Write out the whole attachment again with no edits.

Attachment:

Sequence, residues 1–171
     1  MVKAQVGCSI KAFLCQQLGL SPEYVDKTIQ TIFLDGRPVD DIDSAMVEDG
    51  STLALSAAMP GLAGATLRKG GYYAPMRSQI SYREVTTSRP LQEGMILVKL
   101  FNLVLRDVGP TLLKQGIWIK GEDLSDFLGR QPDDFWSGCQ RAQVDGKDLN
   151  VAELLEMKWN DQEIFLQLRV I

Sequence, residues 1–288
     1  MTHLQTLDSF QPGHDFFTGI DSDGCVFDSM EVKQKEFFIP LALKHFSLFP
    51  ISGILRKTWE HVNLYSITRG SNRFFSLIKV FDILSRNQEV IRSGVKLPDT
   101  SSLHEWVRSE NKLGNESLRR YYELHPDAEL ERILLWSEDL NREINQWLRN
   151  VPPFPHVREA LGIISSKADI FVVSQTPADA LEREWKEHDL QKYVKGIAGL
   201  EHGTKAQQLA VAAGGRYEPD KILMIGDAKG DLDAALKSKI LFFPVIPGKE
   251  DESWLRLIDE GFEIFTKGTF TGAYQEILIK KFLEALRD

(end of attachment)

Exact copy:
Sequence, residues 1–171
     1  MVKAQVGCSI KAFLCQQLGL SPEYVDKTIQ TIFLDGRPVD DIDSAMVEDG
    51  STLALSAAMP GLAGATLRKG GYYAPMRSQI SYREVTTSRP LQEGMILVKL
   101  FNLVLRDVGP TLLKQGIWIK GEDLSDFLGR QPDDFWSGCQ RAQVDGKDLN
   151  VAELLEMKWN DQEIFLQLRV I

Sequence, residues 1–288
     1  MTHLQTLDSF QPGHDFFTGI DSDGCVFDSM EVKQKEFFIP LALKHFSLFP
    51  ISGILRKTWE HVNLYSITRG SNRFFSLIKV FDILSRNQEV IRSGVKLPDT
   101  SSLHEWVRSE NKLGNESLRR YYELHPDAEL ERILLWSEDL NREINQWLRN
   151  VPPFPHVREA LGIISSKADI FVVSQTPADA LEREWKEHDL QKYVKGIAGL
   201  EHGTKAQQLA VAAGGRYEPD KILMIGDAKG DLDAALKSKI LFFPVIPGKE
   251  DESWLRLIDE GFEIFTKGTF TGAYQEILIK KFLEALRD